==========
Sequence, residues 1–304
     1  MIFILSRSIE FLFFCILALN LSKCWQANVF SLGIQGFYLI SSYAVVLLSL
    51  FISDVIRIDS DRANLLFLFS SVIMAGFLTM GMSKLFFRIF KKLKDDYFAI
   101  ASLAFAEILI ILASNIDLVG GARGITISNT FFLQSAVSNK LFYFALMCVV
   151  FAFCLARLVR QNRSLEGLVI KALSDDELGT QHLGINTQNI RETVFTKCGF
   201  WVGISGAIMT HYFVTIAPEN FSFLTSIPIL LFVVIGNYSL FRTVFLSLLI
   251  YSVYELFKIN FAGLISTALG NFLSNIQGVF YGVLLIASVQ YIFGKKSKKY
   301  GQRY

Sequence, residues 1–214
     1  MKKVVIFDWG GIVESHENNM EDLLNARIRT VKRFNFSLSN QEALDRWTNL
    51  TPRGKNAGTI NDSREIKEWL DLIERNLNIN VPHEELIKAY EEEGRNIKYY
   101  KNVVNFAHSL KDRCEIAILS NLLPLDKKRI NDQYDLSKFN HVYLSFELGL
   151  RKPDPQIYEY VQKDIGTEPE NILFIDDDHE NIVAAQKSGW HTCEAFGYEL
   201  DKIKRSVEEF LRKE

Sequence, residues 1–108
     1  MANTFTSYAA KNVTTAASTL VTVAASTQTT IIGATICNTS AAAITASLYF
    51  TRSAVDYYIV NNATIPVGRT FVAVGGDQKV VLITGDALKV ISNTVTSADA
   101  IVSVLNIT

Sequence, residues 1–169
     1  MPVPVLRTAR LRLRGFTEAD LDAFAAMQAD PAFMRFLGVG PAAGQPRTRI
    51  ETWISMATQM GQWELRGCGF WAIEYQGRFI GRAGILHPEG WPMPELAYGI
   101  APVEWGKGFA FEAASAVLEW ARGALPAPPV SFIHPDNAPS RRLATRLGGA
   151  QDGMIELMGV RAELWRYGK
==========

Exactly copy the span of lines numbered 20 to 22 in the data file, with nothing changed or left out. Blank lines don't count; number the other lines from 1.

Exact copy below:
     1  MPVPVLRTAR LRLRGFTEAD LDAFAAMQAD PAFMRFLGVG PAAGQPRTRI
    51  ETWISMATQM GQWELRGCGF WAIEYQGRFI GRAGILHPEG WPMPELAYGI
   101  APVEWGKGFA FEAASAVLEW ARGALPAPPV SFIHPDNAPS RRLATRLGGA